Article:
The following table lists, for each target architectures supported by gdb-remote, the string to give to configure as the --target parameter when building GDB, and any command you may have to enter at the GDB command prompt before connecting to Simics:
|mips64be||mips64-elf64-linux64||set mips abi n64|
|mips64le||mips64el-elf64-linux64||set mips abi n64|
|ppc32||powerpc64-elf-linux||set architecture powerpc:common|
|ppc64||powerpc64-elf-linux||set architecture powerpc:common64|
|sparc-v9||sparc64-sun-solaris2.8||set architecture sparc:v9|
|x86-64||x86_64-pc-linux-gnu||set architecture i386:x86-64|
|x86||x86_64-pc-linux-gnu||set architecture i386|
Note that these --target flags are not the only ones that will work, just examples of ones that do work.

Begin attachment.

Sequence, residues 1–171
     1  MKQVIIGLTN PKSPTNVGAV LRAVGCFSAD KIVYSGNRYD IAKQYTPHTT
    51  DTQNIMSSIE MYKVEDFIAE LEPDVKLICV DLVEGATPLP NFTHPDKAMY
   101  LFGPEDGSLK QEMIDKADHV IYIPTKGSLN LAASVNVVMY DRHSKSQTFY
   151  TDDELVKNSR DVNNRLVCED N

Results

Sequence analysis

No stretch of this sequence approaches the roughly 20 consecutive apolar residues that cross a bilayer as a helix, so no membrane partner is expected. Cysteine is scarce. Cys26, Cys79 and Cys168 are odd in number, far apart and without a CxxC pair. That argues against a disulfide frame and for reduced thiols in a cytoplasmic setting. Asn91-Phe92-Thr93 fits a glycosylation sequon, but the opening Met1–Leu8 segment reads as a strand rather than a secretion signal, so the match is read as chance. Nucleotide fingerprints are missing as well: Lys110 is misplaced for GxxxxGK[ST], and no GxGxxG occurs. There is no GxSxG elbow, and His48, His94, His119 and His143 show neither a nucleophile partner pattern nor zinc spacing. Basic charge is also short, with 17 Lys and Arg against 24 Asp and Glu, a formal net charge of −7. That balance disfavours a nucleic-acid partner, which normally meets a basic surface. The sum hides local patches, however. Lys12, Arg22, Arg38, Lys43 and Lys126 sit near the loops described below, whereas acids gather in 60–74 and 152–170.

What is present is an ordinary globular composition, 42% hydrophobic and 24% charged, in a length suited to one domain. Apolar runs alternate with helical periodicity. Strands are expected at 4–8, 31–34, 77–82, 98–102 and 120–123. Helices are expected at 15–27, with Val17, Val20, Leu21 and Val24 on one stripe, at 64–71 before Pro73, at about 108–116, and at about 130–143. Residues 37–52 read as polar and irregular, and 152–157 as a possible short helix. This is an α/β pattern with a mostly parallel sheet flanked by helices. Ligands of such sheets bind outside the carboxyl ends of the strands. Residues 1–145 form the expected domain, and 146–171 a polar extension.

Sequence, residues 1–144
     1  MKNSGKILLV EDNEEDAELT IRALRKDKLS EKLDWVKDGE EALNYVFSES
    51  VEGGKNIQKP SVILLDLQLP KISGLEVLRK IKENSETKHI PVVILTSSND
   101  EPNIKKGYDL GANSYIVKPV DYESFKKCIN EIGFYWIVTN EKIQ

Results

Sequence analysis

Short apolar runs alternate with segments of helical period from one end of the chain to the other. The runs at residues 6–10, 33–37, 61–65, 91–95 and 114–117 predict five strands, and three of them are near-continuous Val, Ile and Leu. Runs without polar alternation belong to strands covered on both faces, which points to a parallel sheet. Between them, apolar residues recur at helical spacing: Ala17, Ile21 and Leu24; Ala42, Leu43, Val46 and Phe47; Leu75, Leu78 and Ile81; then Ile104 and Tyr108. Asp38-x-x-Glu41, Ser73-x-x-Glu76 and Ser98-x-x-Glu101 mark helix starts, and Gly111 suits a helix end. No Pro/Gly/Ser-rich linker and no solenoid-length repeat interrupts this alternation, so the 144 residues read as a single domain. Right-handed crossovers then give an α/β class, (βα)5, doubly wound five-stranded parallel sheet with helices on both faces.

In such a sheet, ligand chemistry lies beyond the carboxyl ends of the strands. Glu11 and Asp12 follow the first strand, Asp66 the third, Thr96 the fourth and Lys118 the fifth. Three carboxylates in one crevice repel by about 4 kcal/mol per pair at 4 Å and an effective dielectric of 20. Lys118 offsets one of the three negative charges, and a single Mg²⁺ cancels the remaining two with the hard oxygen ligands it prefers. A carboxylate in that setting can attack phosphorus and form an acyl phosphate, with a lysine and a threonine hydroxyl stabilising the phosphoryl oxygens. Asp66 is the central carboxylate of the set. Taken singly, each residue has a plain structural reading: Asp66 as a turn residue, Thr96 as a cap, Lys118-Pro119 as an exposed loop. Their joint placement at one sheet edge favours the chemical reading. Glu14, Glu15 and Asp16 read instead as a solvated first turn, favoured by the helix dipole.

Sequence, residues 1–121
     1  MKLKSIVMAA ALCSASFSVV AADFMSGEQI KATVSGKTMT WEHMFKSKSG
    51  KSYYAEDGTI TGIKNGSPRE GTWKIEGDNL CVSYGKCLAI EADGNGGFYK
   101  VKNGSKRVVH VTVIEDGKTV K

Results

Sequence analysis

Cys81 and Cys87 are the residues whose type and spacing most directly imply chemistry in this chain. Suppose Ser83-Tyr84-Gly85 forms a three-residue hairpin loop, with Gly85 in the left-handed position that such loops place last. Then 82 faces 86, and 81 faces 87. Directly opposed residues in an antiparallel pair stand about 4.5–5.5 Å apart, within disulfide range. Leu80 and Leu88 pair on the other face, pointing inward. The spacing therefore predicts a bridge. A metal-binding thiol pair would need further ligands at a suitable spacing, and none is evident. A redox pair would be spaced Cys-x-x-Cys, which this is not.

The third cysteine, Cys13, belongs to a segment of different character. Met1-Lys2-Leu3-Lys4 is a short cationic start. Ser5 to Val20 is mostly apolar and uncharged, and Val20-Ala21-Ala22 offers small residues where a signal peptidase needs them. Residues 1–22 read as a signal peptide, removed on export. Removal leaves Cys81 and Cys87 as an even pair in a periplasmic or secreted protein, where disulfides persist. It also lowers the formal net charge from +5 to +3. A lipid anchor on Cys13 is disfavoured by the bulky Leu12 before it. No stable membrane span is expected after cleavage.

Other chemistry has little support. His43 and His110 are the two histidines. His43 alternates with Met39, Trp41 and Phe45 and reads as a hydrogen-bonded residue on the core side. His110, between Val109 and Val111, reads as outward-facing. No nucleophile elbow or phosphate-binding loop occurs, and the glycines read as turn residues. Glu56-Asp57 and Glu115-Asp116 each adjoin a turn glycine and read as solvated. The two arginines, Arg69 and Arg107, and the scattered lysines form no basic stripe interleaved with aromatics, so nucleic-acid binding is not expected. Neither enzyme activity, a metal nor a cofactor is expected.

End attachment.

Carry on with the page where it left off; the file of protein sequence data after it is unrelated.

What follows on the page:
Architecture of target.
Returns true if the gdb-remote object is connected to a gdb, false if not.
Context object that this GDB session is attached to.
Disconnects the remote GDB
Set to non-zero if context should be followed.
Set to non-zero if memory operations received from GDB should be performed as single operations instead of bytewise
Set to start listening for incoming GDB connections on the specified port. If 0 is specified an arbitrary available port will be used. Read to get the port currently listened on, or 0 if none.
Processor to connect the GDB stub to.
Sends a signal to the remote GDB. This makes GDB think the program it is debugging has received a signal. See the signal(7) man page for a list of signal numbers.
|disconnect||disconnect from the remote gdb|
|info||print information about the device|
|signal||tell remote gdb we got a signal|
|target||set target CPU for gdb connection|